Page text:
(With files from Cole Kelly, My PG Now)
As of today, trans fats are off the menu in Canada.
According to Laurel Burton, a population health dietitian with Northern Health, the move has been a long time coming.
“The trans fat ban is the extension of work that has been underway for sometime in Canada, with the acknowledgment that there are health concerns related to industrial trans fats foods.”
Burton said that over the last four years moderating programs have “encouraged” many companies to voluntarily reduce or remove trans fats from their products.
“The ban is the next step in removing the industrial produced fats from the food supply completely.”
Most trans fat comes from partially hydrogenated oils, which can be found in products such as vegetable oil shortening, margarine, commercially prepared baked goods, potato and corn chips, crackers, microwave popcorn and deep-fried foods.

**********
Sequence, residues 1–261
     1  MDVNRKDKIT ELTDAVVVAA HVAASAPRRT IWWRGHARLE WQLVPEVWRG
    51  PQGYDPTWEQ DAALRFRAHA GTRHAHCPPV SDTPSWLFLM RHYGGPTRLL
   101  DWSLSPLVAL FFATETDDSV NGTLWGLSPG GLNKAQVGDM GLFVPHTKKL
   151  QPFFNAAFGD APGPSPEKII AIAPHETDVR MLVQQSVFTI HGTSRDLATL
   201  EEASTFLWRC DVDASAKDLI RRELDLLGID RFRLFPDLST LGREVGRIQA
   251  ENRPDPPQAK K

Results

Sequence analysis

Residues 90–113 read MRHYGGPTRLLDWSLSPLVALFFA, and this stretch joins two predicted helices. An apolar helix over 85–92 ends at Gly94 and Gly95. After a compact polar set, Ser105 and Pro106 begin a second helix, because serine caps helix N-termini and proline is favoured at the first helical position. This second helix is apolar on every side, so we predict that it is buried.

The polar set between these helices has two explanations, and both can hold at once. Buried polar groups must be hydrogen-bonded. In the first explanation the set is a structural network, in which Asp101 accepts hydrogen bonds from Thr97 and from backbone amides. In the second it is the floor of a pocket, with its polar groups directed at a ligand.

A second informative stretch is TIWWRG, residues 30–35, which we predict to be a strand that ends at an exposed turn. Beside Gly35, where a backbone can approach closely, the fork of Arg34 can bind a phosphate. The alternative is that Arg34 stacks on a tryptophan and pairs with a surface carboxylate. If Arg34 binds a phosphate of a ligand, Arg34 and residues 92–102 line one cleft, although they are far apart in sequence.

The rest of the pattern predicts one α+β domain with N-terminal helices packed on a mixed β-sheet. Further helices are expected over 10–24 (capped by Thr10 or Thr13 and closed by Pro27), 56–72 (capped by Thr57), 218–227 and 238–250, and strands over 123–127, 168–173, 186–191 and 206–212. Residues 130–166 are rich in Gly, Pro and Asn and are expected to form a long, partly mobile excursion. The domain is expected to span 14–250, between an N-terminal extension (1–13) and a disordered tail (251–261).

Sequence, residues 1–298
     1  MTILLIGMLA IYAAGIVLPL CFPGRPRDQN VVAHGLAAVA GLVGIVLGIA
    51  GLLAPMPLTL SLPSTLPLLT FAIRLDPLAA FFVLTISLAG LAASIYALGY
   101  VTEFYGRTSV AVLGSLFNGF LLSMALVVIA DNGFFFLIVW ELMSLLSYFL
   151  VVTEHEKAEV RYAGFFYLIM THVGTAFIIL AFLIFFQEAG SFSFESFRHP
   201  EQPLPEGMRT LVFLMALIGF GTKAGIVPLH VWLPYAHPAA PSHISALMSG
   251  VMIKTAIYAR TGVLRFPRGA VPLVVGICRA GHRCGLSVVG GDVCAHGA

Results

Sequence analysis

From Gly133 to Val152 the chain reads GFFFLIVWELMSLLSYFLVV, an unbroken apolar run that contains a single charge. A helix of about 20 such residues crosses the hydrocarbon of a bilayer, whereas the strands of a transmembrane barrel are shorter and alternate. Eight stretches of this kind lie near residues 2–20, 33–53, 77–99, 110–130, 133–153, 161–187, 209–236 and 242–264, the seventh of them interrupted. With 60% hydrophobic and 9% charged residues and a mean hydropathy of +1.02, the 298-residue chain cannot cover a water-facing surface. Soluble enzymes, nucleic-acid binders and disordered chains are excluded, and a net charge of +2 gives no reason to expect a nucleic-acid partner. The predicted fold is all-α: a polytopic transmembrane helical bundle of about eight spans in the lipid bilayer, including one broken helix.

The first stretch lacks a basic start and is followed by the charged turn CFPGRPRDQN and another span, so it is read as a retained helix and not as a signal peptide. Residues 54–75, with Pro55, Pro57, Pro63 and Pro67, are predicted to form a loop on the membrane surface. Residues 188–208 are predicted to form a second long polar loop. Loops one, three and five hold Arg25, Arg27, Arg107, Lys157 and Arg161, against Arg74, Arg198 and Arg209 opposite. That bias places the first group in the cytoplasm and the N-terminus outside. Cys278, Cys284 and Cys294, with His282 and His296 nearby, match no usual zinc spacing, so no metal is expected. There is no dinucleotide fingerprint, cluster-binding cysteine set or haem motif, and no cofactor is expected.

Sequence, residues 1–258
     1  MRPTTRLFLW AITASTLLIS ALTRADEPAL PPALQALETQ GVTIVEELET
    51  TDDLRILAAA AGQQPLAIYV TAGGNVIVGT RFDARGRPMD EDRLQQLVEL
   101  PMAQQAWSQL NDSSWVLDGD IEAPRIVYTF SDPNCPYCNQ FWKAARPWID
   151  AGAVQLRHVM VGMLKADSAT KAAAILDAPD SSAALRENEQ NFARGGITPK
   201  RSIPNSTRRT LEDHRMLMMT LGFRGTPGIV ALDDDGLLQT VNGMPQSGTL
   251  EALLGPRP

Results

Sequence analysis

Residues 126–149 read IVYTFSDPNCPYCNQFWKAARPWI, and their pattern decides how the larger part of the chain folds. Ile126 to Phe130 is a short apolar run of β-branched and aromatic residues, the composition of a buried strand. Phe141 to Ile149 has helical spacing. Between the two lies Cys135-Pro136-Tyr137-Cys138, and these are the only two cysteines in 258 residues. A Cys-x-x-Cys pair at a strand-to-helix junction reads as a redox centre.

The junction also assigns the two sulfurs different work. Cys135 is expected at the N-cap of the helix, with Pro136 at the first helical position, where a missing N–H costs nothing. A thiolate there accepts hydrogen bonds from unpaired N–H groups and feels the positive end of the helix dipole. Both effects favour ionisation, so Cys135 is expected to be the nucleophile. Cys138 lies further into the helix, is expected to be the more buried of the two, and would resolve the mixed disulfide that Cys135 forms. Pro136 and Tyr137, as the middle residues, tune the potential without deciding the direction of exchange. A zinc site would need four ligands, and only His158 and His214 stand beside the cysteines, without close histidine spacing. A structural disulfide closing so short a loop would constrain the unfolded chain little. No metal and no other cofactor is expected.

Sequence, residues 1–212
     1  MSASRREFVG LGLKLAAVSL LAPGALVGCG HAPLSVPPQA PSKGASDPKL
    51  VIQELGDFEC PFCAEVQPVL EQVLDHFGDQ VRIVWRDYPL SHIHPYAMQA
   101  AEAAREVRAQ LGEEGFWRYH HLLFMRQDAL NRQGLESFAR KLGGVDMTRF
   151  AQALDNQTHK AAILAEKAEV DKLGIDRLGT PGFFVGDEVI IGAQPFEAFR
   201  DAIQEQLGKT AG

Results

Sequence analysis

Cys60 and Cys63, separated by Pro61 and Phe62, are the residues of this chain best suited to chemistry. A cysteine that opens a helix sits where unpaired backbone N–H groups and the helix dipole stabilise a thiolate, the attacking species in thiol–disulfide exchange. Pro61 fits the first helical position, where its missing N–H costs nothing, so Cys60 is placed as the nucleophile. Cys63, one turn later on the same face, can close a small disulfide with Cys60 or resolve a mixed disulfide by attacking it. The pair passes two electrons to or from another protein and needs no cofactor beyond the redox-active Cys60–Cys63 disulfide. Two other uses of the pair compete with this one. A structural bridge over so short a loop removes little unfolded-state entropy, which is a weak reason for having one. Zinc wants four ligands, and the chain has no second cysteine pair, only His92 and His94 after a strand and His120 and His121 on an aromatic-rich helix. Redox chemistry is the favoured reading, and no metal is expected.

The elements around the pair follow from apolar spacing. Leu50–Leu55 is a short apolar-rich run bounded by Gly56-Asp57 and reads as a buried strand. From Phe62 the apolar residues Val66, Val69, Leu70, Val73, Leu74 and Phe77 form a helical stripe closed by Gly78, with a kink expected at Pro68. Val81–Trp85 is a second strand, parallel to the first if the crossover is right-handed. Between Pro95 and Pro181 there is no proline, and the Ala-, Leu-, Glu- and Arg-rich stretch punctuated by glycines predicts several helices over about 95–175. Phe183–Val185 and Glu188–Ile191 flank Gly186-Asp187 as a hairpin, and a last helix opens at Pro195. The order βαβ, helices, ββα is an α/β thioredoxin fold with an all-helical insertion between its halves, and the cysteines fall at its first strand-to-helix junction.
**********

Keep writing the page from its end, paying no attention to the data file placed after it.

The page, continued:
Besides it’s health benefits to the population, Burton also said the ban is a plus for Canadian consumers.
“Part of the goal of Health Canada, or more broadly, nutrition, is to really move our food environment to make the healthy choice the easy choice. Truly how that will effect consumers is that they won’t have to think about it in the same way they used to. They won’t have to read labels to see if there are any added trans fats or not, they won’t be there.”
The ban is being rolled out in a two year phase process. Food containing trans fats that are currently on the shelf can be sold for another couple of years, after which they will be banned completely.